The Chiropractic Hospital-based Interventions Research Outcomes (CHIRO) Study: a randomized controlled trial on the effectiveness of clinical practice guidelines in the medical and chiropractic management of patients with acute mechanical low back pain

International Collaboration on Repair Discoveries (ICORD), University of British Columbia, Vancouver, British Columbia, Canada.
The spine journal: official journal of the North American Spine Society (Impact Factor: 2.8). 10/2010; 10(12):1055-64. DOI: 10.1016/j.spinee.2010.08.019
Source: PubMed

ABSTRACT Evidence-based clinical practice guidelines (CPGs) for the management of patients with acute mechanical low back pain (AM-LBP) have been defined on an international scale. Multicenter clinical trials have demonstrated that most AM-LBP patients do not receive CPG-based treatments. To date, the value of implementing full and exclusively CPG-based treatment remains unclear.
To determine if full CPGs-based study care (SC) results in greater improvement in functional outcomes than family physician-directed usual care (UC) in the treatment of AM-LBP.
A two-arm, parallel design, prospective, randomized controlled clinical trial using blinded outcome assessment. Treatment was administered in a hospital-based spine program outpatient clinic.
Inclusion criteria included patients aged 19 to 59 years with Quebec Task Force Categories 1 and 2 AM-LBP of 2 to 4 weeks' duration. Exclusion criteria included "red flag" conditions and comorbidities contraindicating chiropractic spinal manipulative therapy (CSMT).
Primary outcome: improvement from baseline in Roland-Morris Disability Questionnaire (RDQ) scores at 16 weeks. Secondary outcomes: improvements in RDQ scores at 8 and 24 weeks; and in Short Form-36 (SF-36) bodily pain (BP) and physical functioning (PF) scale scores at 8, 16, and 24 weeks.
Patients were assessed by a spine physician, then randomized to SC (reassurance and avoidance of passive treatments, acetaminophen, 4 weeks of lumbar CSMT, and return to work within 8 weeks), or family physician-directed UC, the components of which were recorded.
Ninety-two patients were recruited, with 36 SC and 35 UC patients completing all follow-up visits. Baseline prognostic variables were evenly distributed between groups. The primary outcome, the unadjusted mean improvement in RDQ scores, was significantly greater in the SC group than in the UC group (p=.003). Regarding unadjusted mean changes in secondary outcomes, improvements in RDQ scores were also greater in the SC group at other time points, particularly at 24 weeks (p=.004). Similarly, improvements in SF-36 PF scores favored the SC group at all time points; however, these differences were not statistically significant. Improvements in SF-36 BP scores were similar between groups. In repeated-measures analyses, global adjusted mean improvement was significantly greater in the SC group in terms of RDQ (p=.0002), nearly significantly greater in terms of SF-36 PF (p=.08), but similar between groups in terms of SF-36 BP (p=.27).
This is the first reported randomized controlled trial comparing full CPG-based treatment, including spinal manipulative therapy administered by chiropractors, to family physician-directed UC in the treatment of patients with AM-LBP. Compared to family physician-directed UC, full CPG-based treatment including CSMT is associated with significantly greater improvement in condition-specific functioning.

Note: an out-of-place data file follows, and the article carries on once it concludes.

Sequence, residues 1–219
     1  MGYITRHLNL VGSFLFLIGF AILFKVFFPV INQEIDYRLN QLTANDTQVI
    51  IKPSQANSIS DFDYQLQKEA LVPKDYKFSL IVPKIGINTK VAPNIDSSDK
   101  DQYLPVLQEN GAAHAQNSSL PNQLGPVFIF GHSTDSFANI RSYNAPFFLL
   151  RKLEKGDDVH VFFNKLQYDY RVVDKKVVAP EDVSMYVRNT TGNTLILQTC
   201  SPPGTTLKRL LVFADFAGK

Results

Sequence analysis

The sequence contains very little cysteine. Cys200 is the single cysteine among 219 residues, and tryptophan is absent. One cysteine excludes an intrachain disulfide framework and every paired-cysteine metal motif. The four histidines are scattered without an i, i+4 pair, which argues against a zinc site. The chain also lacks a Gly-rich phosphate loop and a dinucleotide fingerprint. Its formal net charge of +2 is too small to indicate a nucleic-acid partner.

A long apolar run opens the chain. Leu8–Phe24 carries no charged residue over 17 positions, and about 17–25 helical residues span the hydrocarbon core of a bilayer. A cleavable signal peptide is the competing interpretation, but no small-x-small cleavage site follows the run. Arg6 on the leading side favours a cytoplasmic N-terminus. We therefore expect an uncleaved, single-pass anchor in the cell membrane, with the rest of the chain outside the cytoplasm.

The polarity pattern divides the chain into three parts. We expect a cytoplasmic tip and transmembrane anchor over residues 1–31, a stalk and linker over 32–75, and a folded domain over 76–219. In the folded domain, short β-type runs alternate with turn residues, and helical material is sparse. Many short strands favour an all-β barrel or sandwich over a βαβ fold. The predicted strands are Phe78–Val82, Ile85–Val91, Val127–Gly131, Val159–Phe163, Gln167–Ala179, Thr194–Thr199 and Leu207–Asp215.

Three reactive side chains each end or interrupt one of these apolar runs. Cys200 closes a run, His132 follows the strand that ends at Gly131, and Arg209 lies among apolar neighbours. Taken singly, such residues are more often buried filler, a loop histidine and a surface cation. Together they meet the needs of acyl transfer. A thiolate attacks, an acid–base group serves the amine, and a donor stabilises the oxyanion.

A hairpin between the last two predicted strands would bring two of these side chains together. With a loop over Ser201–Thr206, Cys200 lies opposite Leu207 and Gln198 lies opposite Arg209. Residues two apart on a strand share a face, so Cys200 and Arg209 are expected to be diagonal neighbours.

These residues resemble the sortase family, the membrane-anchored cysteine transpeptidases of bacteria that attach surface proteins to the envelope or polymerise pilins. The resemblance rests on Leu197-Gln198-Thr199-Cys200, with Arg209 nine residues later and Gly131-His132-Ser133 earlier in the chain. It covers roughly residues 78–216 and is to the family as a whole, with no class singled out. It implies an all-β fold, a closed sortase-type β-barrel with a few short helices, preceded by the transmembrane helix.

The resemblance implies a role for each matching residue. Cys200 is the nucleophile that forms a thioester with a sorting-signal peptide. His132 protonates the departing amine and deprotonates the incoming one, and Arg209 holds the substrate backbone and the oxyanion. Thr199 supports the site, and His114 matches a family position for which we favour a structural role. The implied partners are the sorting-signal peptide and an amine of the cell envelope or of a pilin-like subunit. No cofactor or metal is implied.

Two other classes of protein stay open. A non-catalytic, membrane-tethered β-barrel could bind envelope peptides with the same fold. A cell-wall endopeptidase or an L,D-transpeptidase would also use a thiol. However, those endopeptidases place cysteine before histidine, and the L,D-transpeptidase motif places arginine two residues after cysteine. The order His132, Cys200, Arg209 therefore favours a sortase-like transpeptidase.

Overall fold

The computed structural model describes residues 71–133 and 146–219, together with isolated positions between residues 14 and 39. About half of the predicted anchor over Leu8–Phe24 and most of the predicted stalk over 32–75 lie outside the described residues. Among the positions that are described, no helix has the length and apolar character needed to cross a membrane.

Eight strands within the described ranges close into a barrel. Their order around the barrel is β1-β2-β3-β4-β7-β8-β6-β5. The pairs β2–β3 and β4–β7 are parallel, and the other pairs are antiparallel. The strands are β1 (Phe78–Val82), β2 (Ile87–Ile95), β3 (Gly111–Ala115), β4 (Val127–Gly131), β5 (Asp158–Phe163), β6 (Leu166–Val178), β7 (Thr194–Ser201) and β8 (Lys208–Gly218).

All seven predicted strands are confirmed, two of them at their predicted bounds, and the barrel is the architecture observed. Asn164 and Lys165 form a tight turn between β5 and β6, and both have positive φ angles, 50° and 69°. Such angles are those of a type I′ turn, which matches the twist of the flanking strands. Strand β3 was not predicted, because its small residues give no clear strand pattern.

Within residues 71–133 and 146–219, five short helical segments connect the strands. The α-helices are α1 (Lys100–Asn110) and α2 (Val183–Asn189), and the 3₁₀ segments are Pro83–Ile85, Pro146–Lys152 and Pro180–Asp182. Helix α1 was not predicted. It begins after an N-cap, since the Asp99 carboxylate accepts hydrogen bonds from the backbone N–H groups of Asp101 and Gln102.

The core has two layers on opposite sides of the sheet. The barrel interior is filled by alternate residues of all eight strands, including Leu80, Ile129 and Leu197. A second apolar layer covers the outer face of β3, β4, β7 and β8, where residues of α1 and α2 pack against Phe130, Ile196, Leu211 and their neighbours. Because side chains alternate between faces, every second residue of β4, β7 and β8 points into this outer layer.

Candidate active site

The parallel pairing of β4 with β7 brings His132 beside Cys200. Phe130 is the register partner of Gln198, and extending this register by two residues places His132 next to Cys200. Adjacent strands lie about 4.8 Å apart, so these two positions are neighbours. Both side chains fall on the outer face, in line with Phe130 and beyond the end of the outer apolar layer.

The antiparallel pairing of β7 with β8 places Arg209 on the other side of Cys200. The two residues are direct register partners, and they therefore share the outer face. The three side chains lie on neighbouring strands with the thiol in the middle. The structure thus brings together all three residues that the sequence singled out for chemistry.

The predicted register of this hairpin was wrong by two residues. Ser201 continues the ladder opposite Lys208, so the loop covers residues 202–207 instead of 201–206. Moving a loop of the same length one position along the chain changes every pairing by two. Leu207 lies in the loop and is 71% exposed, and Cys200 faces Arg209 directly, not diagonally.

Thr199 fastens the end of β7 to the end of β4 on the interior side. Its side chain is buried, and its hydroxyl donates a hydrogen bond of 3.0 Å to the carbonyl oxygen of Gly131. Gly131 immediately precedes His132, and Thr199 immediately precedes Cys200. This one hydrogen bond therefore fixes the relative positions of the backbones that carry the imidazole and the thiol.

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    JCCA. Journal of the Canadian Chiropractic Association. Journal de l'Association chiropratique canadienne 03/2011; 55(1):20-2.
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    ABSTRACT: Systematic review of spine care pathways and case study of the Saskatchewan Spine Pathway (SSP). (1) What are the differences between clinical pathways and clinical guidelines? (2) Are there examples of clinical pathways in the management of lower back pain (LBP)? Is there evidence that they are successful? (3) What is the SSP, and what are its key features? Adherence to evidence-based guidelines for LBP produces superior outcomes and may improve efficiency by reducing unnecessary imaging, ineffective treatments, and inappropriate surgical referrals. A clinical pathway is an attempt to bridge the "translation gap" between guidelines and clinical practice. A qualitative review was performed for question 1. For question 2, a systematic review of the English language literature was performed for articles published through March 31, 2011. A case study is provided for question 3. (1) Evidence for clinical pathways is mainly derived from guidelines, but pathways are distinguished by several features including the coordination of multidisciplinary care, facilitation of communication among care providers, resources for ongoing quality improvements, and a central focus on the patient experience. (2) Five articles describing four clinical pathways met the a priori criteria, but none tested comparative effectiveness. (3) The SSP is unique in that it is (a) inclusive for all types of LBP, (b) based on a classification system, (c) patient-focused mostly at primary care rather than in specialized clinics, (d) implemented in the health care system of a geopolitically defined region, and (e) includes all of the defining features of modern care pathways. Several clinical pathways for LBP have been described, but effectiveness has not been tested. Clinical pathways for LBP need to be further developed and investigated as a means to facilitate guidelines-concordant practice and improve patient outcomes. Level of evidence: Insufficient. Recommendation: Weak.
    Spine 10/2011; 36(21 Suppl):S164-71. DOI:10.1097/BRS.0b013e31822ef58f · 2.45 Impact Factor